Margaret McLaughlin
Professor; Associate Dean for Faculty Affairs and Research


Communication Ph.D Program




ASC 301D

Office Hours

W 1:00pm

More Margaret


Health Communication
Interpersonal Communication
New Media

Margaret L. McLaughlin is Professor of Communication and Associate Dean for Faculty Affairs and Research at the Annenberg School for Communication & Journalism, University of Southern California, where since 1996 she has been an affiliated faculty member of the Integrated Media Systems Center, established as a National Science Foundation Engineering Research Center. 

She has more than fifteen years of experience in research on multimodal information systems, including work on human-computer interfaces and games and virtual environments
for delivery of healthcare services, some of which work is reported in her edited volume, Touch in Virtual Environments:  Haptics and the Design of Interactive Systems. She has also developed and evaluated a number of interactive multimedia information systems, with funding from Hitachi America, the USC Arts Initiative, TATRC, NIH, and the Zumberge Foundation.  Her work has focused on interface design, usability, and presence and co-presence in collaborative virtual environments. Most recently she has been co-PI on an NSF-funded study of SpeechLinks, a system for computer-mediated English-Spanish medical interpretation.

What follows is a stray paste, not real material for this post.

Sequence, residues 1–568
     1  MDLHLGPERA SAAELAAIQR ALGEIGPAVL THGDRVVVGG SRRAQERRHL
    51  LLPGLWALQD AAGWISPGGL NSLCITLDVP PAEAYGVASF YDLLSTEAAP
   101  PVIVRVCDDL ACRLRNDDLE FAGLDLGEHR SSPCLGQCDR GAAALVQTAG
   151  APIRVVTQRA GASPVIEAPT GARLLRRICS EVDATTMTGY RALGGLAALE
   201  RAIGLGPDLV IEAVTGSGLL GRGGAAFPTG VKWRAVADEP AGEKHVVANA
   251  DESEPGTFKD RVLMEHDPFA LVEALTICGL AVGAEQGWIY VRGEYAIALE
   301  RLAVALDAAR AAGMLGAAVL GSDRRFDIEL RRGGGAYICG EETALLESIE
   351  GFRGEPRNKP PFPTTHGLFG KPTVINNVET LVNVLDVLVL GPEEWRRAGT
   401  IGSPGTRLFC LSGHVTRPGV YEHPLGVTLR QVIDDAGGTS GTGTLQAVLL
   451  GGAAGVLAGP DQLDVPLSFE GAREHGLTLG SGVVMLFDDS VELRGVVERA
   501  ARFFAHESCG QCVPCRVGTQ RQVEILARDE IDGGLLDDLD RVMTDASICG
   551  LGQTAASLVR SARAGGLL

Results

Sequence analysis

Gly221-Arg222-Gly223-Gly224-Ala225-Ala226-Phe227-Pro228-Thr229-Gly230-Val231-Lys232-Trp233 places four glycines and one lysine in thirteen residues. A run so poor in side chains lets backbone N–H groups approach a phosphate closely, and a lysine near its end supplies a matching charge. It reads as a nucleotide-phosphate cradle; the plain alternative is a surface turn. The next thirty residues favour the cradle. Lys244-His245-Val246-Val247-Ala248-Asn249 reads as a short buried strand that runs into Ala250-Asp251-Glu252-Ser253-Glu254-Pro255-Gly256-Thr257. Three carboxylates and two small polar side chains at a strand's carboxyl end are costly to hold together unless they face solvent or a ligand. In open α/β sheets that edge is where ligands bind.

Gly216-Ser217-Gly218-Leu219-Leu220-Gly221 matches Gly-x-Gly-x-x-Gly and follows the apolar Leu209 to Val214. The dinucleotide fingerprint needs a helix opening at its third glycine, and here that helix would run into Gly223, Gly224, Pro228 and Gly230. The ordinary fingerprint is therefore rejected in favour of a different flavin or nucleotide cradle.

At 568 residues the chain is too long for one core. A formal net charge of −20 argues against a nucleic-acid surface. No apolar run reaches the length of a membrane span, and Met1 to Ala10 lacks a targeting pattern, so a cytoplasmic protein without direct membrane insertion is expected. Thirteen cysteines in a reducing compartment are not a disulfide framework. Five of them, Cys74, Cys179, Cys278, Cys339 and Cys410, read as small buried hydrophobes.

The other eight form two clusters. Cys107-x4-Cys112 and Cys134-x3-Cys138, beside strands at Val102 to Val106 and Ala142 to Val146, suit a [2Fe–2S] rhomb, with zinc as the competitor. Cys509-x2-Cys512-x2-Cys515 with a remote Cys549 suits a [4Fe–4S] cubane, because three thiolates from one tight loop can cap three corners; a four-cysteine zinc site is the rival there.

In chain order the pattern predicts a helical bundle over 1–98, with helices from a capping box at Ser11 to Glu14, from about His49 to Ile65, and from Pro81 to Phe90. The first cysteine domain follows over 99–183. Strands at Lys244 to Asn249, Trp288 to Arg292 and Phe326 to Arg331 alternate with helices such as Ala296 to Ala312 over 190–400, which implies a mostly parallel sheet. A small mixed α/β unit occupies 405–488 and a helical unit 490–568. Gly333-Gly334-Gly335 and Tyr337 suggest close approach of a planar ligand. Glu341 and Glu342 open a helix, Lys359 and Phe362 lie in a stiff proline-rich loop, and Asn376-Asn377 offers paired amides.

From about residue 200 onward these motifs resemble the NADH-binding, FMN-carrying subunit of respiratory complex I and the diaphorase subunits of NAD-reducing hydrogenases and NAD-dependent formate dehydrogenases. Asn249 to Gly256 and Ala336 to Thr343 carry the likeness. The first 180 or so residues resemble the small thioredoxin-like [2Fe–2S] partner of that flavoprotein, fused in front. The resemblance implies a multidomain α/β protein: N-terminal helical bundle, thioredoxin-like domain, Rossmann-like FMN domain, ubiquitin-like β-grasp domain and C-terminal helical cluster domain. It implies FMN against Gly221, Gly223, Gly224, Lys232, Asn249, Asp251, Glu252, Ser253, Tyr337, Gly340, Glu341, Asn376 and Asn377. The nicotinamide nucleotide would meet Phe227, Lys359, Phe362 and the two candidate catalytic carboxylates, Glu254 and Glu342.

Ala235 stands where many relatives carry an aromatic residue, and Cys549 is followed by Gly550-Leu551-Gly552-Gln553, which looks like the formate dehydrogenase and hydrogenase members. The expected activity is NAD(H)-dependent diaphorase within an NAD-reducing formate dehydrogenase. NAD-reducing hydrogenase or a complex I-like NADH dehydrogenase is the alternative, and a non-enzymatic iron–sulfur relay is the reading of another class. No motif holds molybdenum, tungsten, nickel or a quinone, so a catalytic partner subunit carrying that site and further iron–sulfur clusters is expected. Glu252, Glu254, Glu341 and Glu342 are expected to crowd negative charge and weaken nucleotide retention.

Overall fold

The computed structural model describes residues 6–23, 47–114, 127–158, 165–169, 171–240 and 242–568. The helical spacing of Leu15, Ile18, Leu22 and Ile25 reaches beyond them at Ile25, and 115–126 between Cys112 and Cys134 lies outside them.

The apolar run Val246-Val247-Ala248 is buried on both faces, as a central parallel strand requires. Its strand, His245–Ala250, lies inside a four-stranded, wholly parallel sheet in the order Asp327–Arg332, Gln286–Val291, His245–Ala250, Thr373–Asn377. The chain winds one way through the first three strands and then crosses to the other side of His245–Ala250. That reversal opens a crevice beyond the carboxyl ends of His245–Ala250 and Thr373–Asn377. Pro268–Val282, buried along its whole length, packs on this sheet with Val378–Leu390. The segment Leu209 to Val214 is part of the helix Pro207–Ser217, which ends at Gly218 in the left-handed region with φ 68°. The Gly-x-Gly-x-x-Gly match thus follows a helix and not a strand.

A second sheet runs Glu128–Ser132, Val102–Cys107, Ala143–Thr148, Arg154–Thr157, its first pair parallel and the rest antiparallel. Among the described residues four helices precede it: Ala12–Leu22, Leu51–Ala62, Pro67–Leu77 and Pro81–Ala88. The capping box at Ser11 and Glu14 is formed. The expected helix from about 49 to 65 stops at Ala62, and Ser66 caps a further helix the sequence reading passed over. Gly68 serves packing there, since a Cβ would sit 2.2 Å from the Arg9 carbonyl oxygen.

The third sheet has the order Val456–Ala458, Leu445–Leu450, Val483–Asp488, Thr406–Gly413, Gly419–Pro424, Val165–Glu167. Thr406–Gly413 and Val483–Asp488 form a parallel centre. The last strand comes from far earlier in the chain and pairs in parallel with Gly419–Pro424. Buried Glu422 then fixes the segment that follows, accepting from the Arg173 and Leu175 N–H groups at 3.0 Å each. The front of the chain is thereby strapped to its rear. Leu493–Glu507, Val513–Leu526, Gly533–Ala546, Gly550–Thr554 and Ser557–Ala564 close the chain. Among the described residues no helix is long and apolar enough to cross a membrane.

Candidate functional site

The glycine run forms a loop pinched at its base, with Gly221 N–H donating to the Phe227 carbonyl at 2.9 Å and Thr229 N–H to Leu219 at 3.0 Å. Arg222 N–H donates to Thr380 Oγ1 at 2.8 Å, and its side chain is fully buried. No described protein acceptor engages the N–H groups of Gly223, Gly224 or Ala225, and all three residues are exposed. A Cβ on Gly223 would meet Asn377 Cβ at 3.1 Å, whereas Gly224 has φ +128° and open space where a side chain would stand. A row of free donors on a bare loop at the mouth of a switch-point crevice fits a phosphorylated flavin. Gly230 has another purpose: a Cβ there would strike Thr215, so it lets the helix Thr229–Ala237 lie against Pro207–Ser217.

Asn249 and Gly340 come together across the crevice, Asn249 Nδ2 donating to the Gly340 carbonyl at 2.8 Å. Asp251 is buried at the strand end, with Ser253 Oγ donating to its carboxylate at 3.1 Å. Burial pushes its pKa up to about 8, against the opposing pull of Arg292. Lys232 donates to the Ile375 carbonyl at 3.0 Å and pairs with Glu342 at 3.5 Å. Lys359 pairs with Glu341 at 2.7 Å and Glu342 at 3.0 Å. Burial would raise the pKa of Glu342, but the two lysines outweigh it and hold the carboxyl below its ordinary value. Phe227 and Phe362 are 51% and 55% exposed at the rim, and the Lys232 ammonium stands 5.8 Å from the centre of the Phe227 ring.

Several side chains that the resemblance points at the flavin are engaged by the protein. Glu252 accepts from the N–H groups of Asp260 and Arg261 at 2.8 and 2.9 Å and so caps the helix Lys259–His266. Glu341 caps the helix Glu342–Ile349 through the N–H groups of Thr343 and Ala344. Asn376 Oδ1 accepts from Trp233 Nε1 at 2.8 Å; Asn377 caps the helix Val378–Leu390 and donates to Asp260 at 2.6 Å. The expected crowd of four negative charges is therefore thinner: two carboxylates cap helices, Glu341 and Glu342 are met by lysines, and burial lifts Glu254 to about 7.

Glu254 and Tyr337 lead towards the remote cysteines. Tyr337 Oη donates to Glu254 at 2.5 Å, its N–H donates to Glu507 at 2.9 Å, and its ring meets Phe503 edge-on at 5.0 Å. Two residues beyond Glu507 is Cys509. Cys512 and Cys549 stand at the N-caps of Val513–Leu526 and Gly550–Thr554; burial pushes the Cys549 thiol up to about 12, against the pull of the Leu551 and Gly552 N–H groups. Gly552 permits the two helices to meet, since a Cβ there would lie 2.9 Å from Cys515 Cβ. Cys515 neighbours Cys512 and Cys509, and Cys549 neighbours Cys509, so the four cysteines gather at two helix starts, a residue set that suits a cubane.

In addition to her work on human-computer interfaces and virtual environments, McLaughlin has studied communication in online communities and social networks for many years and is an expert in computer-mediated communication. She was founder of the Journal of Computer-Mediated Communication, co-editor of the AAAI/MIT Press volume Networks and NetPlay: Virtual Groups on the Internet, and is Co-Director of the Annenberg Program on Online Communities research initiative. With collaborators from the Childrens Hospital Los Angeles
she is currently leading a study funded by the Annenberg Trust of a mobile videosharing network for young adult cancer survivors,, which focuses on social diffusion of
survivorship information among former childhood cancer patients from the low-income, non-English speaking populations who constitute the bulk of the patients in Los Angeles’ largest pediatric emergency and critical care hospital. The study uses social network analysis to determine if survivorship knowledge and perceived social support are related to structural patterns of the communication behavior of members in the lifecommunity social network. 

McLaughlin also has done research on older adults’ use of technology and on models of technology acceptance; she led a study, funded by a Borchardt Foundation grant to St. Barnabas Senior Services Center, of the participation of Chinese, Korean, Latino/Hispanic and English-speaking users of an on-site CyberCafé.

McLaughlin has a broad background in human communication and is an established scholar in the field, having served as Editor of Communication Monographs, Editor of Communication
Yearbook, and as President of the International Communication Association. She currently serves on the editorial boards of New Media and Society, Journal of Communication, Discourse and Communication, and Journal of Computer-Mediated Communication, and has reviewed for many journals in computer science and engineering.

At USC she has chaired the Faculty Advisory Committee on Technology Enhanced Learning, served on the University Research Committee, and is Chair of the USC Task Force on Online Identification and Assessment Procedures.